#16. 1990 Zenith Z-Note 325L. This was a good deal - I actually got it on Craigslist for $30! As seen in the picture, there was a lot of two, one mainly working, one not working (found the motherboard, CCFL, and LCD PCB dysfunctional), and it also included two chargers, two batteries, all the manuals, half of which were still sealed, including a copy of Windows, and a copy of Windows 95 on 30 floppy disks. This system was very innovative - sort of like using a Mac might be. There were unusual things all over the system, such as the keys always made a clicking noise through the speaker, or the power button, when pressed, bringing up a menu asking you if you wanted to turn the computer off or not. 80386 CPU, 8MB RAM (2MB on board, 6MB in 3 proprietary expansion chips - it has three slots, I have them all), 120MB HDD, 640x480 VGA LCD.However, this system has an annoying flicker to the screen - the pixel part, not the backlight part, perhaps faulty capacitors.
#19. 1984 IBM PCjr. Its not a device that holds a lot of interest for me, primarily because of the way every single thing about it is proprietary. Keyboard, monitor, connectors. And it boots to IBM basic as if it were a C64 or TI-99. Haven't had a chance to run any software since it only has a 5.25" FDD and I only have 3.5" diskettes. Also it has the venerable but quickly outdated 8088 CPU that would likely only run a fraction of the software that I have, since I'm primarily a 286/386 fan. Sometimes 486 but 386DX is my fav. Still, with the original infrared wireless keyboard, monitor, and power adapter, it made a good lot. This is another one I got from the $5 yard sale - $5 for the computer and another $5 for the monitor, so $10 for the whole lot. Gave this one to a friend.
#22. 1985 Atari 520ST. Got this at the same lot from a yard sale. Monitor was $5, same as anything, but the main unit was free because it was cracked and the owner didn't think it was worth anything. Admittedly it wasn't worth a whole lot but it did work! It came with the mouse and a power supply for the disk drive, but not the drive itself nor the power supply for the computer. Later models had both built into the computer but this is an early model. I got the drive on eBay for about $40, and I hacked together a power supply from one I found at the local junk shop, replacing the end with a DIN-7 connector, then it worked fine. I have the low-res color monitor and the dual-sided diskette drive. The system has TOS 1.00 on ROM - quite old - and 512Kb RAM. I hope to upgrade the RAM to 2Mb and get some kind of hard drive for it. I used hydrogen peroxide to whiten the keyboard keys and mouse, that improved it somewhat too. In the picture it has a monitor stand/keyboard drawer. I like to play games on this one!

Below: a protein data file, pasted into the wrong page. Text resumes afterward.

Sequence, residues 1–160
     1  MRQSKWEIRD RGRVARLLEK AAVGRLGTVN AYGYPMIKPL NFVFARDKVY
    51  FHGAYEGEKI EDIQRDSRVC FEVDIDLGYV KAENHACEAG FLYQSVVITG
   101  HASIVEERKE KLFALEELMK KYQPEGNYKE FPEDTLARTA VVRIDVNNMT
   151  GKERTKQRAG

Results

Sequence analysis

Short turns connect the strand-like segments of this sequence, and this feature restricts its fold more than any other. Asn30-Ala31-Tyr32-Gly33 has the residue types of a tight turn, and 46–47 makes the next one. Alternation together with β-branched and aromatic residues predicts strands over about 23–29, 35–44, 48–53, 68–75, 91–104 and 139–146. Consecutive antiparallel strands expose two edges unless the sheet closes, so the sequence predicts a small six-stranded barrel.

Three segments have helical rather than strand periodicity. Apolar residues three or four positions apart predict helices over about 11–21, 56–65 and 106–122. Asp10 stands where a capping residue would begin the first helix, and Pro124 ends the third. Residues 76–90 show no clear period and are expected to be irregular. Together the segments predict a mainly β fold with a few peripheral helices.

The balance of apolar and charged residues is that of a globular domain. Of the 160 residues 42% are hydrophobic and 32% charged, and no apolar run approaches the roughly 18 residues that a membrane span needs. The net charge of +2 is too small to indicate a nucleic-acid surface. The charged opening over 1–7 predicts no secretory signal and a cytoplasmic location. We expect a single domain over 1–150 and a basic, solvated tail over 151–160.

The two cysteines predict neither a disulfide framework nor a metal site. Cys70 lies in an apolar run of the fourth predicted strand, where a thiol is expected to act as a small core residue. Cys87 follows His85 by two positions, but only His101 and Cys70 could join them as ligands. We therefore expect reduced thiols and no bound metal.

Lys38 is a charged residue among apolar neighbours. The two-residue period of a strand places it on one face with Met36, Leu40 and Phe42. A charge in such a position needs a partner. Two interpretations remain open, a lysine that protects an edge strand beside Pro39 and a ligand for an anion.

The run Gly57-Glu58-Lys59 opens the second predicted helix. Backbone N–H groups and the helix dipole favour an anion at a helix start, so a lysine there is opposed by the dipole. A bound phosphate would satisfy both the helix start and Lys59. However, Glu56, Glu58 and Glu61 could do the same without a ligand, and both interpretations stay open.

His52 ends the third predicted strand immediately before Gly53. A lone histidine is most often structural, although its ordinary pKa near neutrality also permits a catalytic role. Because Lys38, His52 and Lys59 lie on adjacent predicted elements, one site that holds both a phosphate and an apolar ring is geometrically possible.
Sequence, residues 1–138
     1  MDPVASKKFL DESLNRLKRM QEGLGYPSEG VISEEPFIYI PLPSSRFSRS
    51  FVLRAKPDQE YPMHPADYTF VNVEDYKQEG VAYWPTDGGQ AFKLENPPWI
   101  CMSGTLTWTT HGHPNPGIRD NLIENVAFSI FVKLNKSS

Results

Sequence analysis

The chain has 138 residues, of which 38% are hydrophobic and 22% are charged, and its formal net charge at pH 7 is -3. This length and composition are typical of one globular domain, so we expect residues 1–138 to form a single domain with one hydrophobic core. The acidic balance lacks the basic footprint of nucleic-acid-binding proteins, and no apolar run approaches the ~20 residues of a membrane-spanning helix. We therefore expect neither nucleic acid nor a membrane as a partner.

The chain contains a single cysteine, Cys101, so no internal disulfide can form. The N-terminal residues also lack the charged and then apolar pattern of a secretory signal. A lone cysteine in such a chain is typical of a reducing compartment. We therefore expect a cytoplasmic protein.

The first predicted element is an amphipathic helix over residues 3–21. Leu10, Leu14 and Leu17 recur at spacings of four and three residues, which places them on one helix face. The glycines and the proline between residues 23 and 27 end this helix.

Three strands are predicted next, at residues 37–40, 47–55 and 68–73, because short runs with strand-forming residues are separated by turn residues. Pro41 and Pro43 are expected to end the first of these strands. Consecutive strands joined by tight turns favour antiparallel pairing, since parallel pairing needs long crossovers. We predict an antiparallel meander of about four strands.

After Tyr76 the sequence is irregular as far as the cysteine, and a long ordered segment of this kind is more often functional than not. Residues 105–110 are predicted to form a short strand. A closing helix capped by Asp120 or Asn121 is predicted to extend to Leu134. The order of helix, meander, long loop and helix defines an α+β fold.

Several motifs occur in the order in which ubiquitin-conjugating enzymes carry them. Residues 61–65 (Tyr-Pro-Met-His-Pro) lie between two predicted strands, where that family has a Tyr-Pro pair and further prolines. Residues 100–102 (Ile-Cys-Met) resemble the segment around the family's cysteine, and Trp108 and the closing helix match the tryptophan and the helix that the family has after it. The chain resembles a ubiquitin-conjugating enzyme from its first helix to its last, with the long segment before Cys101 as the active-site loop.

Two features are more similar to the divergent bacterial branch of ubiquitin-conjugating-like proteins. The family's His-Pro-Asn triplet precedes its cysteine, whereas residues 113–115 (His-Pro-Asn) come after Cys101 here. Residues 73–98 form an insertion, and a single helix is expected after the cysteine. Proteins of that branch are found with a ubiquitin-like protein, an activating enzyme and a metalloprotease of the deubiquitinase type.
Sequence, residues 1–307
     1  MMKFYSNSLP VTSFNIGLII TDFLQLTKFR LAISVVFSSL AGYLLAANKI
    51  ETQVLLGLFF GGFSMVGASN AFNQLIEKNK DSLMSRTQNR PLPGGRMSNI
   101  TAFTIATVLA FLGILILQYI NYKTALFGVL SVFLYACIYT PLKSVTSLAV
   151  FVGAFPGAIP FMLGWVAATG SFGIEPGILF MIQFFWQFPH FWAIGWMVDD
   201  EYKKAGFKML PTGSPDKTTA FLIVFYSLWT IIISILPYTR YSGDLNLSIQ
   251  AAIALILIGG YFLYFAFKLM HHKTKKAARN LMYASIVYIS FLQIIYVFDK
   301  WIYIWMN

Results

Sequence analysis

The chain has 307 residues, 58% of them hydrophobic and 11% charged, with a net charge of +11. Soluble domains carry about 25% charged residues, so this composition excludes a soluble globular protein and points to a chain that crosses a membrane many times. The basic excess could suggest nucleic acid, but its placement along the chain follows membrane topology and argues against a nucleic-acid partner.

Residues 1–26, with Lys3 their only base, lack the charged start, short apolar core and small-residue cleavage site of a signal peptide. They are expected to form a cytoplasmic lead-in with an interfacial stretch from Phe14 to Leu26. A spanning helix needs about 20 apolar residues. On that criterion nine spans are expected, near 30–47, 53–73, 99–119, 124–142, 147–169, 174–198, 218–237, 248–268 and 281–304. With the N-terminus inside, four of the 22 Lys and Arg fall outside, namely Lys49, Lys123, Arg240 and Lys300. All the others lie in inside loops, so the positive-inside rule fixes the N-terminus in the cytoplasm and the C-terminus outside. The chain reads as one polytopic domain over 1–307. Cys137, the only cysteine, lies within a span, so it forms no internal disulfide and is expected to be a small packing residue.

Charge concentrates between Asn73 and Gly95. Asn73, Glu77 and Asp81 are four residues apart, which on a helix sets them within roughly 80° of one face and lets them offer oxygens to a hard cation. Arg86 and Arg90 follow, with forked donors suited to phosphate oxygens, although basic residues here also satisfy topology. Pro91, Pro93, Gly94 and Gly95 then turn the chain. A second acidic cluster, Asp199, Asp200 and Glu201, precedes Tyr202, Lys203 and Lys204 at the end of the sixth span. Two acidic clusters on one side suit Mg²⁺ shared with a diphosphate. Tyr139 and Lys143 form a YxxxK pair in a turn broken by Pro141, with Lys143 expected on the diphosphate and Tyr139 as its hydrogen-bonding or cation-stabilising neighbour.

#25. Sager 6400AT laptop. A very rare and off-brand laptop. Manufactured by Clevo for Sager - the Sager branding is obviously artificial, its just a sticker, not even the "NOTEBOOK STICKER" on the bottom. It takes an odd power adapter too, but luckily I found a compatible one. nice enough XGA screen, Pentium CPU, easily expandable RAM (because it's a cheap desktop replacement, upgrades and maintenance are simple, and I respect that - for example the keyboard rotated out with a couple buttons), modular removable HDD, and both CD-ROM and FDD. Its an extremely thick laptop, but it's versatile, with several PCMCIA ports, MIDI, VGA, and composite video-out.